A Dundee mum has told of her shock after finding out a dog that attacked her son has returned to the area.
Finlay Reid, 10, had to have surgery to close a gaping wound in his leg after an incident involving a rottweiler in Fintry Drive in December.
Robert Wallace, 65, had been reported to the procurator fiscal for allegedly allowing a dog to be dangerously out of control.
However, a Crown Office spokesman confirmed since Mr Wallace died criminal proceedings had ceased.
The rottweiler had been seized by police while prosecutors dealt with the case, but has since been claimed by members of his family and has moved back to the same street.
A Dog Control Notice has been placed on the animal, meaning it has to be muzzled and leashed in public.
Mum Terri Thorburn, 33, said she was “shocked and disgusted” that the rottweiler — understood to be about six years old — will return to the area.
Terri said: “I am shocked that the family has even taken the dog back.
“If that was my dog, and it had done that to a child, then I would say that it needs to be put down — never mind bringing it back to the same street the victim lives on.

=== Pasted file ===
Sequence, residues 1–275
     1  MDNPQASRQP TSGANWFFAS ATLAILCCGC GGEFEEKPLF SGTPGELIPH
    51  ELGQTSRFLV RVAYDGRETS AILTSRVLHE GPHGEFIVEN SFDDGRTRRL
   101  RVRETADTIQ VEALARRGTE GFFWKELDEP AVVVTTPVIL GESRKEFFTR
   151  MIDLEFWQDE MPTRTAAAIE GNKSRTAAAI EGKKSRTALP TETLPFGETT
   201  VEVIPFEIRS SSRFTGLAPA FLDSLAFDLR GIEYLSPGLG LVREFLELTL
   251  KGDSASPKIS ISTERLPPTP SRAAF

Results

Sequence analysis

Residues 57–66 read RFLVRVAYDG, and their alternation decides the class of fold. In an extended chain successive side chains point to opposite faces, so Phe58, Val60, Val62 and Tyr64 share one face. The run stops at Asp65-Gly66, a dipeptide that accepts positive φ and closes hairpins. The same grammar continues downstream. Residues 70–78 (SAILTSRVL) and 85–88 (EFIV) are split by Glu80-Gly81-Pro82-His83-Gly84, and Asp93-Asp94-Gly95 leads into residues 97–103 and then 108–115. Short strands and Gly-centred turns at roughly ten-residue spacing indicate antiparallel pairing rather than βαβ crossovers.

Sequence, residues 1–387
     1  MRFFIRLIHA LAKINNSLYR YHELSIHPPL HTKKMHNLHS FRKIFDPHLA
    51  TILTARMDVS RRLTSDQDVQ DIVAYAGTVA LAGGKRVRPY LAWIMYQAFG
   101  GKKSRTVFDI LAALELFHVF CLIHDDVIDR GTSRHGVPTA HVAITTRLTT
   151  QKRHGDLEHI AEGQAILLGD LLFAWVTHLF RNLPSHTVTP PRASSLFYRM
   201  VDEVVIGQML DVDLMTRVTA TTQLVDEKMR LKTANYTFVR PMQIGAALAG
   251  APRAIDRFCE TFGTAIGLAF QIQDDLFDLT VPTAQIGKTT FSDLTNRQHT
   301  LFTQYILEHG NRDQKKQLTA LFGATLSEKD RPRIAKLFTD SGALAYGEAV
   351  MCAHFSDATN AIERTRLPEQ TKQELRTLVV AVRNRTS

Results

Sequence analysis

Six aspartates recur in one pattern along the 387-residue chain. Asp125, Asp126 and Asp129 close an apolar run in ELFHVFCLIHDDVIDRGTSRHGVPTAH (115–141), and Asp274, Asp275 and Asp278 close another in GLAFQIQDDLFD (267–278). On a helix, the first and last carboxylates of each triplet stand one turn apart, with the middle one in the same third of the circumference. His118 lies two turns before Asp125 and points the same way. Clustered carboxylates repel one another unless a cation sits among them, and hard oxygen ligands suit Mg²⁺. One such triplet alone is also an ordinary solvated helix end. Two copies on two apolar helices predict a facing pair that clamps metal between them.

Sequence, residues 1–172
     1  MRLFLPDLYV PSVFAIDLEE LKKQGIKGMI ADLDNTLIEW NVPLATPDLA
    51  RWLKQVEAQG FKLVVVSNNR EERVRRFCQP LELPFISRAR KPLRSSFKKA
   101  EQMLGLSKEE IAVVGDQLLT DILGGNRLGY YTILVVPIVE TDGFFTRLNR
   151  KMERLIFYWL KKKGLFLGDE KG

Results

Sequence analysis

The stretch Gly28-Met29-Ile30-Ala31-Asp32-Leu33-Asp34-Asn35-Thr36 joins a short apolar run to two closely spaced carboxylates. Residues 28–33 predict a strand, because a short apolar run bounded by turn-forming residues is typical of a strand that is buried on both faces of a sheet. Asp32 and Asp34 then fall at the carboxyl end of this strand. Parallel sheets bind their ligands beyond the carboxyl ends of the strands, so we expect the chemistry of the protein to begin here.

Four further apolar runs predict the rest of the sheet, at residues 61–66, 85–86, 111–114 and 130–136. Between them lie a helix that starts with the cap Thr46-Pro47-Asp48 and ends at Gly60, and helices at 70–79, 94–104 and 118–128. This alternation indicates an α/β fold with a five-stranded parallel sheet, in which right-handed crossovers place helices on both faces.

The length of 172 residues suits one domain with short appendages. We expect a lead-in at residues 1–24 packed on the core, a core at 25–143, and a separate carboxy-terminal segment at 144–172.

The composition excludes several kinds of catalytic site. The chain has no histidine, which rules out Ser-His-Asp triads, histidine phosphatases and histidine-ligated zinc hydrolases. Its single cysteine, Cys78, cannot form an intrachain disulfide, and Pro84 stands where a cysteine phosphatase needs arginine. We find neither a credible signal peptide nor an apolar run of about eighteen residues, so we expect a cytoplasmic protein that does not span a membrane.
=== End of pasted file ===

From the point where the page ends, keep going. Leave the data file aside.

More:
“Finlay is terrified — he doesn’t ever want to see that dog again.
“He said it was scariest day of his life. He needs to walk past that house, which is between his school and his dad’s house.”
Terri said she has spoken out in the hope of warning residents in the area to be on their guard — and called for legislation to be changed in a bid to prevent any recurrences.
She added: “I feel sorry for the family. It is tragic to hear of anyone dying, but that shouldn’t mean the dog just gets to go home. It is still a dangerous dog at the end of the day.”
Finlay and a friend were on their way to the shops in Fintry Drive when he was bitten.
Terri previously told of collecting Finlay after receiving a frantic phone call from him and recalled seeing her son’s joggers “soaked with blood”.
The P7 St Francis (Longhaugh) Primary pupil had to undergo an operation to clean and close the wound and was kept in hospital overnight. He is yet to fully recover.
But Mr Wallace’s partner Yvonne Mudie, 54, said the dog would not be a threat. She said: “Zappa is the last thing I have left of my partner, and now he can’t go into his own garden without a muzzle. He’s not a dangerous dog.
“He’s never bitten anyone else, but was in one dog fight in 2014.
“I have three grandchildren and I wouldn’t have a vicious dog around them. Kids walk past to school and he goes up to the gate and they pet him.
“We were devastated the wee laddie got hurt. I don’t know what happened that day, but no one is sorrier than us. There will be no more problems. We just want to forget it and leave it in the past.”
A council spokeswoman said Scottish Government guidance does not require people to be notified when Dog Control Notices are imposed.